How To Hit Bunker Shots – Complete Guide
Hitting bunker shots can be a challenging part of golf, especially for beginner and intermediate players. But with the proper technique and practice, you can gain confidence and become skilled at hitting great shots out of bunkers (sand traps).
When playing golf, a shot out of a bunker is referred to as a “bunker shot.” Most golfers know these bunkers by their more common names: traps, sand traps, or sand bunkers.
Here’s a step-by-step guide on how to hit bunker shots and get better over the golf course.
Steps to follow while hitting greenside bunker shots
A greenside bunker shot is when the ball lies in the sand trap near the green with a short distance left behind (15 yards or less).
Successfully getting the golf ball out of the sand can be difficult, but with the right approach, it is possible to achieve this. Here are the steps to follow while hitting a bunker shot:
1. Choose the right club
The first step in hitting a bunker shot is selecting the right club.
If you short-side yourself in a greenside bunker, you can use a sand wedge (56 degrees or more), as it has a higher loft. This club type is specifically designed for playing out of bunkers.
However, if the bunker is particularly deep or the lie is uneven, consider using a lob wedge (60 degrees), a pitching wedge, or even a 9-iron. Experiment with different golf clubs to find out which one works best for you.
2. Set the clubface
Before you set up for the shot, ensure that the clubface is open and not square to the target. Open clubface means tilting the angle of the clubface away from the target. This will help you generate more spin and lift the ball out of the bunker.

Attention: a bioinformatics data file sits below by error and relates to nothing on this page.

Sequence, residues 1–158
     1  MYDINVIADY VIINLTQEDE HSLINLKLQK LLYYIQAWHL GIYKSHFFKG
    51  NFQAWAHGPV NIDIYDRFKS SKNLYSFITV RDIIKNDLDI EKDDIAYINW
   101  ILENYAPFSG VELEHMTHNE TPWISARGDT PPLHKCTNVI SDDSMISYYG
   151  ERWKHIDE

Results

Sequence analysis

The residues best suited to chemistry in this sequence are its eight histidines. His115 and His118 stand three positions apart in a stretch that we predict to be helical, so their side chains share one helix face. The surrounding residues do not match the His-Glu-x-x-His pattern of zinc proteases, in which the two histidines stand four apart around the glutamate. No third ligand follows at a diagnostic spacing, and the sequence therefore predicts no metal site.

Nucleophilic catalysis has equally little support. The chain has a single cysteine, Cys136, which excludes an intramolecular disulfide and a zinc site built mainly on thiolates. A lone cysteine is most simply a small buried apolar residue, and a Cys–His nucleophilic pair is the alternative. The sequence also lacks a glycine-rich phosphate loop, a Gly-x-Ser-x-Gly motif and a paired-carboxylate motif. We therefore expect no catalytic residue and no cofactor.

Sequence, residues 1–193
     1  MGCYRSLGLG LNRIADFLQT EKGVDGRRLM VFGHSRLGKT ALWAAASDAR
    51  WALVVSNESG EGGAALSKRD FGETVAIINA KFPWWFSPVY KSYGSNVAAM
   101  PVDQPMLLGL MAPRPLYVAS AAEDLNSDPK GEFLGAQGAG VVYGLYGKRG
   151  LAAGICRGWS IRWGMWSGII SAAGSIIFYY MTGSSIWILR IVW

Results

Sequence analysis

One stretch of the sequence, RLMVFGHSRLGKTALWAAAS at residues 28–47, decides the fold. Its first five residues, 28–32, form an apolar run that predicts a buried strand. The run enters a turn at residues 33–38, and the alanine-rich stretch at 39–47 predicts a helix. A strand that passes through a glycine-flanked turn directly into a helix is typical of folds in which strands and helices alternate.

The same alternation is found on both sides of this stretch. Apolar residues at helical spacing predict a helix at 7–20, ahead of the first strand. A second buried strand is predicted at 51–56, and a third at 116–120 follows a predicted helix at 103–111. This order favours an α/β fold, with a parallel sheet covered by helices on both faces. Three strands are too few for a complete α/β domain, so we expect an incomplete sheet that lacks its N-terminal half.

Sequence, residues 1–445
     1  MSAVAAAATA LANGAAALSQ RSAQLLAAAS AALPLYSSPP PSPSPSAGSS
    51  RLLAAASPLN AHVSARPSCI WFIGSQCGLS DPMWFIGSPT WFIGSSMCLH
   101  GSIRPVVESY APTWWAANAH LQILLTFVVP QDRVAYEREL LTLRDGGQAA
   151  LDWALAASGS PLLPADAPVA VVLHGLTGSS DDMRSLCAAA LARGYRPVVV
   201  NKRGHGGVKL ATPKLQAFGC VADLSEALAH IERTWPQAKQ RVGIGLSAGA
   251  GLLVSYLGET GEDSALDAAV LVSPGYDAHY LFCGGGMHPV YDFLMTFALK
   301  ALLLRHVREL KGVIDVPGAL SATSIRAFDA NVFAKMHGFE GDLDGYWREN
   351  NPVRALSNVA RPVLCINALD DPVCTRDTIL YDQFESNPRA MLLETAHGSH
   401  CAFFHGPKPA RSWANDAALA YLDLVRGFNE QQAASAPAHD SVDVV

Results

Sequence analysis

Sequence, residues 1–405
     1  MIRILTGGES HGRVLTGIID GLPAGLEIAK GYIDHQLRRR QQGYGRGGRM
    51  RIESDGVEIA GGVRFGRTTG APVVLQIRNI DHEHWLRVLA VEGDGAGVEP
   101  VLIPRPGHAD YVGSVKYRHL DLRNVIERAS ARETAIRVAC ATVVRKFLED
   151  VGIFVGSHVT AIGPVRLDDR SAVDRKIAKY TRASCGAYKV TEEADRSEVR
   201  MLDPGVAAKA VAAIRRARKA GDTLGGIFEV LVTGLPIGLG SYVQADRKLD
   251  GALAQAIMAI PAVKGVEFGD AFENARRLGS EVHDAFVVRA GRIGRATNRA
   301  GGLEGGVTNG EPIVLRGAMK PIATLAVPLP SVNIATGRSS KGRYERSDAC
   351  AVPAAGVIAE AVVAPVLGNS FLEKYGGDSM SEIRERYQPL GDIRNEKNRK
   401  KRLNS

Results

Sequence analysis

To open the clubface, grip the club with your left hand (for right-handed players) and turn your wrist clockwise. This will cause the clubface to open slightly.
3. Take a wider stance
Having a stable base is also a determining factor when you play bunker shots. To achieve this, you need to take a wider stance than normal when using a wedge in the fairway.
This will help you maintain your balance as you swing and make it easier to hit the ball cleanly. Make sure your feet are shoulder-width apart, and your weight is evenly distributed on both feet.
4. Dig the feet into the sand
To ensure stability and prevent slipping during your swing, it is important to dig your feet slightly into the sand when the position of the ball and your stance have been determined.
This will bring you closer to the ball and also help you make a “fat” shot, which is necessary for bunker shots. In addition, this action will let you assess the firmness of the sand surrounding the ball, which is permitted under golf rules when setting up for a shot.
5. Check the ball position
To execute a successful sand shot, move the ball slightly forward instead of positioning the ball in the middle of your stance as you would with a wedge on the fairway.